Chandigarh Urban Edge Workshop: Looking beyond issues concerning modern city

Chandigarh Urban Edge Workshop: Looking beyond issues concerning modern city

An exhibition that is an outcome of an intensive workshop looks at two sites in UT’s urban plan.

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Participants at a clay modelling competition at Post-Graduate Government College for Girls in Sector 11, Chandigarh, on Monday. (Source: Express photo by Kamleshwar Singh)

At first sight, the showcase is intimidating, as you try and read between the lines of the many panels of architectural drawings, lay-outs, analysis, future projections and large models with scores of elements, laid out like a jigsaw puzzle. “These are techniques of urban mapping and the exhibition is a collective effort to look beyond the issues concerning the modern city of Chandigarh and instead, two urban villages— Badheri, which is encrusted in the city, and Kansal, which is on the edge.

Villages in urban areas are considered an eyesore, but we have tried to look at these as a resource, from various perspectives,’’ Sangeeta Bagga-Mehta, Associate Professor, Chandigarh College of Architecture (CCA), steps in to put things into perspective.


The School of Architecture and Urban Planning’s (SARUP) Urban Edge 2015 exhibit has been included on the list of events scheduled to mark Le Corbusier’s 50th death anniversary celebrations in Chandigarh. Over January 2015, grant recipients from the University of Wisconsin-Milwaukee’s (UWM) School of Architecture & Urban Planning Urban Edge Award Studio travelled to India, directed by Associate Professor Manu P Sobti.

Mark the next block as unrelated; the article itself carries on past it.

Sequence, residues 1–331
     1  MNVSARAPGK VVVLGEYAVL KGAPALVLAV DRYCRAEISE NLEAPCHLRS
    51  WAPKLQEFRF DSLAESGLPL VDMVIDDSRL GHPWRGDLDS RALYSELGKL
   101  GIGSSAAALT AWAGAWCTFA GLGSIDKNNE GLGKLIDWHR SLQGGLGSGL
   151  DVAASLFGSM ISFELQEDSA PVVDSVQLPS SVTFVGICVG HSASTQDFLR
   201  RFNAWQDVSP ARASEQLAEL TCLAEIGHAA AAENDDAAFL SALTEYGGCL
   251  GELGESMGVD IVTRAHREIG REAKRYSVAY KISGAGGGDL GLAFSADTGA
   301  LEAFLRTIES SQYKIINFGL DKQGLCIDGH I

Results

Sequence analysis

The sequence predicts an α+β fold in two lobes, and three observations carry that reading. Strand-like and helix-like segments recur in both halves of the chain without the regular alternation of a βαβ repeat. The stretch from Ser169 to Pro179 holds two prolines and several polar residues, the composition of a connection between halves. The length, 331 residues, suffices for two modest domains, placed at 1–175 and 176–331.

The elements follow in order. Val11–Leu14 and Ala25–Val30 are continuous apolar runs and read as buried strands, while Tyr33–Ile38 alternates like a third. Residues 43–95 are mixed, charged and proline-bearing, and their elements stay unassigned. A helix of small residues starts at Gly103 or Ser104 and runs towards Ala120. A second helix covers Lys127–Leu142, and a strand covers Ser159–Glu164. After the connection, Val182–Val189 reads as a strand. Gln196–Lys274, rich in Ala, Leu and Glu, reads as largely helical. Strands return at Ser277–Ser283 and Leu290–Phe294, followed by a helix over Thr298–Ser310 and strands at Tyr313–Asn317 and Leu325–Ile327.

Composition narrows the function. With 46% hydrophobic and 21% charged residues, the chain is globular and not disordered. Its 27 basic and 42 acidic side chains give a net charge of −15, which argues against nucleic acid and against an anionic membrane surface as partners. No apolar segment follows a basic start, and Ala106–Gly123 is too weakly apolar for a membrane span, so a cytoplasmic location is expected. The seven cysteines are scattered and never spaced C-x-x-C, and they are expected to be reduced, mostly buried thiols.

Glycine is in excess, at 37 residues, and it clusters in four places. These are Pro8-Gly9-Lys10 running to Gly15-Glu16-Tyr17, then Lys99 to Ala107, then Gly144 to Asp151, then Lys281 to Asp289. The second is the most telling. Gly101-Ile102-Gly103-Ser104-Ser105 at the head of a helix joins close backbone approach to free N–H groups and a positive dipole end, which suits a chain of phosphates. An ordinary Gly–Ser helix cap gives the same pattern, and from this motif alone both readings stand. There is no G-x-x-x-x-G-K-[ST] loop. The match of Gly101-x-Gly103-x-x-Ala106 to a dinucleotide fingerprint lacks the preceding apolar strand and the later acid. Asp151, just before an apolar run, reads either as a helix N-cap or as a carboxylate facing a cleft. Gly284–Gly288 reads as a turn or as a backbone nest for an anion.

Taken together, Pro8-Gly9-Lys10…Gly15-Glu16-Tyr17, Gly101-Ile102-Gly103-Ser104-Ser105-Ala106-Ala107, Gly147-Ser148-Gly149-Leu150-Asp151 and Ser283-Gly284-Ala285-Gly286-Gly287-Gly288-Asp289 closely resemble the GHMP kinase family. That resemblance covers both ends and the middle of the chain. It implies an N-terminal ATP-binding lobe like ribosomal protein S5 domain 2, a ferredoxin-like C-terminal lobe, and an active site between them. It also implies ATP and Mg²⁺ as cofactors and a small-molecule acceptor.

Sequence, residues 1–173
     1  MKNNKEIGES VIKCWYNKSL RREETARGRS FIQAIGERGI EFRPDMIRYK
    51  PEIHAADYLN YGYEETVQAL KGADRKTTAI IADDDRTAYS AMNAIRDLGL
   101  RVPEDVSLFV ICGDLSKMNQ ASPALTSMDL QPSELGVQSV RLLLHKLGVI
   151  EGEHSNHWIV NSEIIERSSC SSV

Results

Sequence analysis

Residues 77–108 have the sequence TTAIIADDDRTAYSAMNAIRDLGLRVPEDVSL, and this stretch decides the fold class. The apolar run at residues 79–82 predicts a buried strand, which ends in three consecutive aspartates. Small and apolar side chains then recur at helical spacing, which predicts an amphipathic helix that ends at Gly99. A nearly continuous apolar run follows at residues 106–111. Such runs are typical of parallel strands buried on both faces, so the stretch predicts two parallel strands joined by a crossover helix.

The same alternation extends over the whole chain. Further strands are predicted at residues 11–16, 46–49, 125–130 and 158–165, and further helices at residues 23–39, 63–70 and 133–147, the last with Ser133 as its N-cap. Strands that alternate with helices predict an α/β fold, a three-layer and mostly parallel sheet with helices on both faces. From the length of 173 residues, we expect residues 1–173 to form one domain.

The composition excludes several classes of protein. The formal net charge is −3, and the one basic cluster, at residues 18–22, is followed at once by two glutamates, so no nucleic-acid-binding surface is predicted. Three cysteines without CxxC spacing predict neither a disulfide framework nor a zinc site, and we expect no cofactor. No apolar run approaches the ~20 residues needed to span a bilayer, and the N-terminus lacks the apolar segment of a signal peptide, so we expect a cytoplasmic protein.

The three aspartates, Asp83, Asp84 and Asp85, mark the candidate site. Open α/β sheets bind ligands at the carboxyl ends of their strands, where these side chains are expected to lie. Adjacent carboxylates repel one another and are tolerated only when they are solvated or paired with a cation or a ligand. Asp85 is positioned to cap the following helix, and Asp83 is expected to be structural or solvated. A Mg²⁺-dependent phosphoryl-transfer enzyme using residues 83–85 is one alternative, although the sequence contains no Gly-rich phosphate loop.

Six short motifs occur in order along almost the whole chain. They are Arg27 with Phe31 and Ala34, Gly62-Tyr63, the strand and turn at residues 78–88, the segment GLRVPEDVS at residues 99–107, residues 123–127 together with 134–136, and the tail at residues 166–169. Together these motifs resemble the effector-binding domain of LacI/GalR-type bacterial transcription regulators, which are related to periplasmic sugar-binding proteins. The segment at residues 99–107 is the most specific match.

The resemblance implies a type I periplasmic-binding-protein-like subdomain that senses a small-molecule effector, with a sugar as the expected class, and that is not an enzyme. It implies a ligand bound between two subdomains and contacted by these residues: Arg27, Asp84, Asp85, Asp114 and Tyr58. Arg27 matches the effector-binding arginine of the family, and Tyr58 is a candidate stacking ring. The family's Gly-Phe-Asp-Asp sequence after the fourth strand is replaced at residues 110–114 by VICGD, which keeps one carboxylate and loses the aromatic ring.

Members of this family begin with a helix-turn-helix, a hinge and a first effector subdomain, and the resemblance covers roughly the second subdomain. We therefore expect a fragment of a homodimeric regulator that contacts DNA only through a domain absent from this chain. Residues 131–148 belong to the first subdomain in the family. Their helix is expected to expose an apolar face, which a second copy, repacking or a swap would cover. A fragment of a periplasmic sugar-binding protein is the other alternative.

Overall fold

The team visited numerous sites in Delhi and Agra before their arrival in Chandigarh. Here, they were joined by seven students from CCA for an intensive six-day Urban Edge Workshop on Chandigarh, conducted jointly by UWM and CCA.


“We have been doing several collaborative workshops with under-graduate, graduate and PhD students of both the institutes. Over the course of this workshop, the two “edge” sites were studied, and urban design propositions were presented to the chief architect and urban development director of the city,’’ explains Sobti. As the basis of the India Urban Edge Award Spring 2015 Studio — titled ‘Rethinking the Urban Edge’— these studies investigated the urban edge as both a physical boundary and as a metaphoric concept within the changing, global city. The sites of study are urban conditions that are made and unmade over successive generations responding to complex cultural, economic, political, environmental, and physical transformations in time.

The upcoming Urban Edge exhibit collates this entire work and was highlighted by an opening symposium focusing on this work, titled ‘Chandigarh Re-Think’. The symposium featured local design and architecture professionals, urban legislators and academics and also the students who were part of this project. Population growth, migrant housing, planning constraints, topography, eco-cultural history, view of urban fabric, future development ideas, people in these areas, according to Kashish, a final-year student at CCA, says they hope that through these exhibitions, contexts with people can be developed.

“Yes, we don’t want this to be merely an academic exercise, and these models can be the basis for an urban project,’’ hopes Sobti, pointing to the models which were got here from the US and were stuck at the customs for two weeks.

According to Mehta, the work will be continued at a larger studio and now at the university level. “It’s a proud moment for all of us.’’

The exhibit is on at Alliance Francaise, Sector 36, till October 5.